At a time when the guitar world’s attention was focussed on sounds more
and more saturated and martian-like, and where it wasn’t imagined having a
guitar without humbuckers, even on the super strat made so famous in the
mid-80s, along comes a dude in a cowboy hat, with a Texan accent who hardly
used effects, crunched a clean sound from his vintage amps, hang a Fender Stratocaster over his shoulder
that looked older than it really was. Stevie
Ray Vaughan got back to his roots, and thanks to him, the electric guitar
world was tied to the blues. Vintage had come back in charge.
He did it because Mr. Vaughan brought the sound of guitar blues to a new planet. He had the rage of Hendrix, the class of Clapton, and every note had a force and energy that gave his music an original pure taste and truth that associated him to the greats of the 50s and 60s like Albert King, Freddie King and Muddy Waters. To the point: he had it all.
About his life and miracles it is all written so we will focus on his gear. The fundamental piece in his world of sound was the Fender Stratocaster “Number One”. He always spoke of it as a ‘59 model although the makers at Fender, on closer inspection to make his signature model, discovered that though the pickups were from ‘59, the body and neck were actually from ‘62 and ‘63.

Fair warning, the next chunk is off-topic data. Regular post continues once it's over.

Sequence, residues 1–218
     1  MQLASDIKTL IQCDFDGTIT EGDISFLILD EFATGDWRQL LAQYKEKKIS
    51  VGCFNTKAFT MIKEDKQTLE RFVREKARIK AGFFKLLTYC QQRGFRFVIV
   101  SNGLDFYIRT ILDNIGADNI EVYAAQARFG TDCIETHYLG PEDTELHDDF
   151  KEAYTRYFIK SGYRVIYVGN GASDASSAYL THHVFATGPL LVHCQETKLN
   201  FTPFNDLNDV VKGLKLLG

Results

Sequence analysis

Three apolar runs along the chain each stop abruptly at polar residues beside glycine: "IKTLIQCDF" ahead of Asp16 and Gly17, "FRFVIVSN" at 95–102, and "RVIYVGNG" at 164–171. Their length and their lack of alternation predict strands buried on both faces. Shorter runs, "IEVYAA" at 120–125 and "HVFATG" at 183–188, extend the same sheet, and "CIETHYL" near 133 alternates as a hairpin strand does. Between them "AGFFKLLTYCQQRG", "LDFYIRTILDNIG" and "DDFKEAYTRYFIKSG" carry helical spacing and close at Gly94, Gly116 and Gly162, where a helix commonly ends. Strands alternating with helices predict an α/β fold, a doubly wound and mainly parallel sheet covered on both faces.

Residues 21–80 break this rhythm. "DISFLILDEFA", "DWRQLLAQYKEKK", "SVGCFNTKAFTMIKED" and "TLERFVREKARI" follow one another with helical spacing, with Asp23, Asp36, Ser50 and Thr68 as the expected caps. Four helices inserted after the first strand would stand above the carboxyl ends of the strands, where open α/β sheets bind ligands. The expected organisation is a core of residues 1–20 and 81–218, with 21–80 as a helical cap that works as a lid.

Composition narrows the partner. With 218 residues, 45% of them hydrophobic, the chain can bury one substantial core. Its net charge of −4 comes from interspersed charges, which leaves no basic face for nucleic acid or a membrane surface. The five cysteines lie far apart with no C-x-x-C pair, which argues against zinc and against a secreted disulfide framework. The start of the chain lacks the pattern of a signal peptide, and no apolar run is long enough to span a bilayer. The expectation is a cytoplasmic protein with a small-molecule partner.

As alternatives to this guitar he had several vintage Strats (baptised as ‘Red’, from ’62, and ‘Yellow’, which was previously owned by Vince Martell from Vanilla Fudge). On many the occasion he would switch guitars even in the middle of songs, given that his aggressive style would break the strings with ease...something really amazing, as he was known to use a 012 calibre string. As a test, try some day to make a couple of bindings using that calibre and see what happens to your fingers...
The vintage doesn’t end with just his guitars but also the rest of his gear, mainly the 60s amps: both a Marshall and especially a Fender. Incredibly, and just the opposite of most mortals, he used the Fender for the most saturated sounds and the Marshall for the clean strokes. Among his choices stick out the Super Reverb, Vibrolux and Twin Reverb by Fender and a Plexi by Marshall. Sometimes connected to a Leslie speaker giving it a vintage touch also with swivelling loudspeakers.
Regarding the pedals, he might even be responsible for one of the the chosen ones by many guitarists even today to be the Ibanez Tubescreamer. Onstage he used various models: the Ts808, the Ts9, and the Ts10. Also throw in a couple of Vox wahs (vintage of course, late 60s) both connected simultaneously on some songs.
So as you can see on this little stroll through SRV’s gear we can say without hesitation that, his being one of the most currently admired and followed guitarists by a large part of the guitar community, he is one of the main ‘culprits’ of authentic passion for sound and ‘vintage’ gear...and that’s perfectly alright. Who wouldn’t want to sound like Stevie Ray Vaughan?